ISLAMABAD: Rejecting the argument that Mullah Akhtar Mansour was the major hurdle in talks between the Afghan Taliban and Kabul, Interior Minister Chaudhry Nisar Ali Khan said that the Murree dialogue could not have taken place if he had acted as a spoiler.
Speaking at a lengthy press conference on Tuesday, the interior minister made several observations regarding the drone attack that allegedly killed the leader of the Afghan Taliban inside Pakistani territory.
He said that it was not yet confirmed that the man who had been killed in the drone attack was indeed Mansour.
Condemning the attack as a clear negation of international law, he called it “illegal, uncalled-for and unacceptable”. But while he said that such an action on Pakistani territory could have serious implications for Pak-US relations, he also claimed that no US drones had entered Pakistani airspace.
“An assessment indicated that the drone fired the missile from across the border,” he said.
Questioning the rationale behind Mansour’s killing in Pakistan when he had been under surveillance while he travelled to countries such as Iran, Afghanistan, Dubai and Bahrain, the minister warned against using the entire episode to target Pakistan’s security and intelligence agencies.
It can’t be confirmed if slain man was Afghan Taliban leader; Wali Mohammad’s CNIC was cancelled, but not passport
Referring to talk that Mansour may have been an impediment to the talks, he said that the first round of talks that took place on July 7, 2015, between the Afghan government and Afghan Taliban where representatives of the US, China and the Haqqani network were also present, a decision had been taken to hold a second round of talks on July 31.
However, that proposed round was sabotaged by the leak of a report on Mullah Omar’s death, days before the agreed date for talks, he said.
He rejected the American claim that Pakistan had been notified in advance of the drone strike, saying that Pakistan was informed seven hours after the attack.
About criticism of Pakistan over failure to confirm the death of Mullah Mansour, he said the car that was targeted had been completely destroyed and only two charred bodies had been found.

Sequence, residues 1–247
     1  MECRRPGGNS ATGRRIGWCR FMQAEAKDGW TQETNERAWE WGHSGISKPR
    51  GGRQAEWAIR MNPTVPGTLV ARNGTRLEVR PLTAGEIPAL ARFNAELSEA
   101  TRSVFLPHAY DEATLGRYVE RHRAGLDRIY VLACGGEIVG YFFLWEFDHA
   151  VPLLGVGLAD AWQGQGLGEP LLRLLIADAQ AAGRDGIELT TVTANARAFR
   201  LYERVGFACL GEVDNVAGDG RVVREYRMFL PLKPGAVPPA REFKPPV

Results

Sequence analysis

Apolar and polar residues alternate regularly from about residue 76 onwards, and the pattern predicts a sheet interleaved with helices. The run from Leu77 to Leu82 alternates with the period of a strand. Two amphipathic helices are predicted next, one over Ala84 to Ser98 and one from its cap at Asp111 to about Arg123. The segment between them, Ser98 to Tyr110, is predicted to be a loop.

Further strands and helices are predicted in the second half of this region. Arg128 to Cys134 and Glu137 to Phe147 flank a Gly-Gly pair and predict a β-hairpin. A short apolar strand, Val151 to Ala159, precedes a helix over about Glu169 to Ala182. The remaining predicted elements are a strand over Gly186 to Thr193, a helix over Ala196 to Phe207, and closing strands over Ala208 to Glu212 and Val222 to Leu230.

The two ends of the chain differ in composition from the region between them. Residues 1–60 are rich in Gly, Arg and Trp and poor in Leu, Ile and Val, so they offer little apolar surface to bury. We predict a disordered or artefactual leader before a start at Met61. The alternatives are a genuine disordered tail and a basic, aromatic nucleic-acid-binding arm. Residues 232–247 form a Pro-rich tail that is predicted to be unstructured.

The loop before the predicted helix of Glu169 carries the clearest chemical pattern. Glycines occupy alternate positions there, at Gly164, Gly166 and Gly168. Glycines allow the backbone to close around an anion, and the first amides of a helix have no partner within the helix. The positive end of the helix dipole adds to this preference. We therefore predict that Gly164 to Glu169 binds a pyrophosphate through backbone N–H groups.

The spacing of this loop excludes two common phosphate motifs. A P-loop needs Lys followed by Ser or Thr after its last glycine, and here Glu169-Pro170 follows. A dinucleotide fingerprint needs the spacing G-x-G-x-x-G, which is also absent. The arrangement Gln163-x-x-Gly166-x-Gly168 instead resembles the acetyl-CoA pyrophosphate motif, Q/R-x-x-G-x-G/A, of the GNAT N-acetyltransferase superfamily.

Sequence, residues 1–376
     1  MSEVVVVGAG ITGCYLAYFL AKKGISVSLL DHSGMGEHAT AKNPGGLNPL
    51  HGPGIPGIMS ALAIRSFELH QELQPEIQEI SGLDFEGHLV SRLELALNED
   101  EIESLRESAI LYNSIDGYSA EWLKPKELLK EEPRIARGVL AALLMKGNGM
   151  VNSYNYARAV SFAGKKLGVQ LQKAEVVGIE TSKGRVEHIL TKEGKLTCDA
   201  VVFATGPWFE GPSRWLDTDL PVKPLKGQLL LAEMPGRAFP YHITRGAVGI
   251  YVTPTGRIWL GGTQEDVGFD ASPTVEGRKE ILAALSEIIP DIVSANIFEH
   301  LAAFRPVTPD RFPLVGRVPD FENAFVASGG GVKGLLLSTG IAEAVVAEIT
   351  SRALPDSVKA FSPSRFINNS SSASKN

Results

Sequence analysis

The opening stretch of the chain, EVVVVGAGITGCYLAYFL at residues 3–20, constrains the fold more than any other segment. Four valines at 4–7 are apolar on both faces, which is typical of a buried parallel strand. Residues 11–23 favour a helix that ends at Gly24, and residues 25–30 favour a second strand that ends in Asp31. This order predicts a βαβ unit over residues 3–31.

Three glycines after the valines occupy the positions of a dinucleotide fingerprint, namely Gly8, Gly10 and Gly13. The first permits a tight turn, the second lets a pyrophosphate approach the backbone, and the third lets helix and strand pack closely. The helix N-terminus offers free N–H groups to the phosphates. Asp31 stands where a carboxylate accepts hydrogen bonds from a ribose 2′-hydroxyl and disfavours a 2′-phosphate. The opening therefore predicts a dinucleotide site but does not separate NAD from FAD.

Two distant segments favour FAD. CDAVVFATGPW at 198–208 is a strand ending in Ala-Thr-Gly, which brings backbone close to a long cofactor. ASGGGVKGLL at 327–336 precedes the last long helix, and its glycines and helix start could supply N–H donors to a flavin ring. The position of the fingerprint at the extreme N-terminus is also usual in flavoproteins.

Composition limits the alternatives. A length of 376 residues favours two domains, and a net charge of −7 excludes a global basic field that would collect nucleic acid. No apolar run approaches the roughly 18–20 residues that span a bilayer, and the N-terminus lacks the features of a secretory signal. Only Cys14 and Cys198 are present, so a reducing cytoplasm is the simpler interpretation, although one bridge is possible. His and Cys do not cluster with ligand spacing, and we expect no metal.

It was not possible to confirm whether the person who bore the identity of Wali Mohammad was, in fact, Mullah Mansour without employing modern scientific means.
He said a close relative of the Afghan Taliban leader had sought custody of the body to take to Afghanistan and DNA samples had been obtained, which would help solve the mystery.
He said while the vehicle had been destroyed and the bodies completely charred, it was strange that a passport was found in pristine condition nearby, adding that it would be investigated whether the document had been deliberately planted there to give a wrong lead.
The minister revealed that Wali Mohammad’s CNIC had been cancelled last year, along with thousands of others.
However, the Directorate of Immigration and Passports was to be asked to cancel passports issued to aliens on fraudulently issued CNICs, but somehow the National Database and Registration Authority (Nadra) did not send Wali Mohammad’s name to the directorate.
He said Wali Mohammad had been issued a manual identity card in 2001 and a CNIC in 2002. He had obtained a passport for the first time in 2005 and got it renewed in 2011.
In the same breath, he admitted that there was widespread corruption in sensitive organisations such as Nadra and the directorate of passports, and detailed efforts he had made to rid the department of bad eggs.
The minister also rejected the American logic that it would target threats to it across the globe. “If every country adopts the same policy – of targeting threats to them located in other countries of the world – there would be [chaos],” he said.
Chaudhry Nisar announced that the National Security Council (NSC) would meet in the next few days to hammer out a comprehensive stance over the drone strike.
The NSC would meet following the prime minister’s return to the country, he said, adding that the input of national security agencies and the sentiments of the people of Pakistan would be kept in mind while coming up with a stance on the issue.
Talking about the fate of negotiations with the Taliban, he said that nothing could be said for certain before the dust settled. A new leader of Taliban was to be chosen and it remains to be seen how they react to the killing of Mullah Mansour and what approach they adopted.
Published in Dawn, May 25th, 2016